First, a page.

Edward Feathers in a retired English lawyer whose wife has recently died. In the days that follow, he begins to reminisce about this childhood in Malaysia and at boarding school. His wife's funeral brings him back into contact with a few women from his past and a crime that had always haunted him.
I was unfamiliar with the historical context of this novel (children sent away to the Far East to be raised by natives, so-called Raj orphans), so that was interesting for me. And I like how Gardam kept the jumping time line distinct by referring to Edward as 'Feathers' in the past and 'Filth' in the present. Even his wife calls him Filth (which is an acronym that is explained early in the book).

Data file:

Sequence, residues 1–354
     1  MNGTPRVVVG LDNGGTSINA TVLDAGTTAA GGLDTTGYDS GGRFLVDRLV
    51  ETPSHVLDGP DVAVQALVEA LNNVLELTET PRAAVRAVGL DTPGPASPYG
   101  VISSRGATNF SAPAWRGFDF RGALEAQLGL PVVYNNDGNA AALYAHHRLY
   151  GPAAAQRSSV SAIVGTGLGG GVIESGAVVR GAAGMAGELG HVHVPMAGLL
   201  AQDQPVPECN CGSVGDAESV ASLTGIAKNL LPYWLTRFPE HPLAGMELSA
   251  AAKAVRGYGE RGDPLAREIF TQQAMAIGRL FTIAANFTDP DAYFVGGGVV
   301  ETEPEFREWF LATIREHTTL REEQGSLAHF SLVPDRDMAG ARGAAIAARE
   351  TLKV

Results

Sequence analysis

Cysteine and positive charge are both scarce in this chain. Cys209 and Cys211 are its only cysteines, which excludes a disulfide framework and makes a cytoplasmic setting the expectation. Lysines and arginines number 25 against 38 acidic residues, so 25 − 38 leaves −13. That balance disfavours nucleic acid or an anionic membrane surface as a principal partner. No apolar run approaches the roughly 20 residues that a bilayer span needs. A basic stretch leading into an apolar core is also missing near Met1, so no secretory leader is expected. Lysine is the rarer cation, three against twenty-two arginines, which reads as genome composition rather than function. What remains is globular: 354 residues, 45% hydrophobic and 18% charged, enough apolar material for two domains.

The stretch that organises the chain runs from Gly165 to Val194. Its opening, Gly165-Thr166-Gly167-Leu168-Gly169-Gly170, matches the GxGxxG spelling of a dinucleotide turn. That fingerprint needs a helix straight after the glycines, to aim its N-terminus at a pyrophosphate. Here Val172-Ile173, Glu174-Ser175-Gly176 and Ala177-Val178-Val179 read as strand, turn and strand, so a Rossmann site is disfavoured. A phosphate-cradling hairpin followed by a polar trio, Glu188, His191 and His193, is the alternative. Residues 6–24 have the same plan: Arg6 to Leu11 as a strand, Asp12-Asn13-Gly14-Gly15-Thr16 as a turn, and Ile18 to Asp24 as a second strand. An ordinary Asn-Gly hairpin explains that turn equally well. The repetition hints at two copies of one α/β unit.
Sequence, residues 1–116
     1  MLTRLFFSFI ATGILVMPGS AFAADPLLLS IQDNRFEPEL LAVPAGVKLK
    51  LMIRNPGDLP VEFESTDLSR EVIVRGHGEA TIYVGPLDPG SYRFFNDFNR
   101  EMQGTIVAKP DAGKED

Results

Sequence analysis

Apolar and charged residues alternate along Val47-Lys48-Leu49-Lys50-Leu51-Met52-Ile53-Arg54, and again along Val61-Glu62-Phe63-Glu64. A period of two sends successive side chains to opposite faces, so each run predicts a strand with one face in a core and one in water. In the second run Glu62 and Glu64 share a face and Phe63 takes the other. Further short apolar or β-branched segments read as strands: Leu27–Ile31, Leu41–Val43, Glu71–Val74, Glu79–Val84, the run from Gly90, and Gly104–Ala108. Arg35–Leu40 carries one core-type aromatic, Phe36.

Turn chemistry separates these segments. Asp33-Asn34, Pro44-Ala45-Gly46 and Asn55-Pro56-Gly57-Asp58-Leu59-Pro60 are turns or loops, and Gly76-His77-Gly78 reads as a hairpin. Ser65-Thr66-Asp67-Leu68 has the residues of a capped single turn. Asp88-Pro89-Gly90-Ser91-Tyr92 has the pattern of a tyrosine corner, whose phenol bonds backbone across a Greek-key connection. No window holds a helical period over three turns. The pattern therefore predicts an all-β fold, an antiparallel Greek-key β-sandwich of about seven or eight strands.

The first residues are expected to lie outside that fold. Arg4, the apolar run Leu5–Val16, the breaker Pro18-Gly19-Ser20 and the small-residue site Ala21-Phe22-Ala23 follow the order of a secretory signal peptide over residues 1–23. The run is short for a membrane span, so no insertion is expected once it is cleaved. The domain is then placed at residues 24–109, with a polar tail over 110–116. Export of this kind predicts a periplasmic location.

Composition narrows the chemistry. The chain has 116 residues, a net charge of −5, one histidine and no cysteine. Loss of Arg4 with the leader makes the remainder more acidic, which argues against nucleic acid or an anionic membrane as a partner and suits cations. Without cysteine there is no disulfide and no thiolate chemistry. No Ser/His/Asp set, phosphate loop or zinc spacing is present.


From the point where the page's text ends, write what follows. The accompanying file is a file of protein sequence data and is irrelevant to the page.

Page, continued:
Parts of the story were very good and reminded me of some of John Irving's best writing, such as Feather's headmaster at school who was always called 'Sir ' and whose assistants were always called 'Smith', no matter what their names actually were. Other parts were not so compelling.
All in all, I thought this was a fine novel, that I would not have picked up under ordinary circumstances, but ultimately I don't feel that it deserved to be on the year's most notable list.